READ: Administration creates committee to eliminate tobacco products on campus by 2016
You’re on your way to class with your morning coffee in your right hand, new perfume and freshly cut grass around you. The aromas are pleasant and welcoming. As you are walking on campus and pass Reed Hall, suddenly these aromas are replaced with the thick smoke of a Camel cigarette.
What’s that sound? That is not a tuberculosis patient. That is your peer, or you, being affected by second hand smoke.
If at some point in your life you decide that you are A-OK with smoking, that’s your business. Don’t make those decisions for others. Second hand smoke kills an estimated 35,000 nonsmokers each and every year.
On campus there are designated areas for people to smoke, but how many times have you seen someone smoking elsewhere? Second-hand smoke can travel up to 20 feet. While designated smoking areas seem like a good idea, they are ineffective. Anyone within 20 feet will be forced to inhale toxins and damage their lungs.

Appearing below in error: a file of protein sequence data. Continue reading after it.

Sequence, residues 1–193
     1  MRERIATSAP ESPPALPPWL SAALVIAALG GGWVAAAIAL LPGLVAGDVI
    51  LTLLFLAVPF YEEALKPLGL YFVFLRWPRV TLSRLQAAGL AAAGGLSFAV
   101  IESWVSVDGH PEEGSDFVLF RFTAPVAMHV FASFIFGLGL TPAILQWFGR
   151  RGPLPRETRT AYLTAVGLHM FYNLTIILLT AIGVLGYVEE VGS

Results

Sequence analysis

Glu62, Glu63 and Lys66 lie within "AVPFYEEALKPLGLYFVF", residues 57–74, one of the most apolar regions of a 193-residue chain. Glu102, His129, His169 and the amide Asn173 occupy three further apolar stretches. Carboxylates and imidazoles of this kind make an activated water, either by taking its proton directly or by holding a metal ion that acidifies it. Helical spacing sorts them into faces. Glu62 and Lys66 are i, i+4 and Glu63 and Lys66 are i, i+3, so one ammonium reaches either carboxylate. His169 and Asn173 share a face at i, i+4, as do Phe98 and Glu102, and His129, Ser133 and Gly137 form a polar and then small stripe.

Eliminating smoking from campus is not a new idea. According to No-smoke.org, as of Jan. 1, 2015, there are at least 1,514 smoke-free campuses. These campuses have taken precautions to protect the health and welfare of their students from the toxic and lethal chemicals.
This university would be irresponsible to not take similar precautions. Making a campus smoke-free would not only lower the damage down to non-smokers but also to smokers. If you cannot smoke on campus, you are likely to smoke less. This is just common sense.
There is no cost for this movement — no loss. It is free to protect students, so why not? Students are adults and make adult decisions. Some make the adult decision to hand over their organs to tobacco companies, and some do not. Not every adult should suffer due to some adult’s choice.
As the percentage of smokers decreases, so should the percentage of second hand smokers. It is appreciated by the student body when the school takes action with the best interest of the student body in mind.
People will always break rules, and people will probably always smoke, but let’s not let that minority’s decisions affect our lifelong health.
OPPOSING OPINION: New campus anti-smoking policy is just a PR move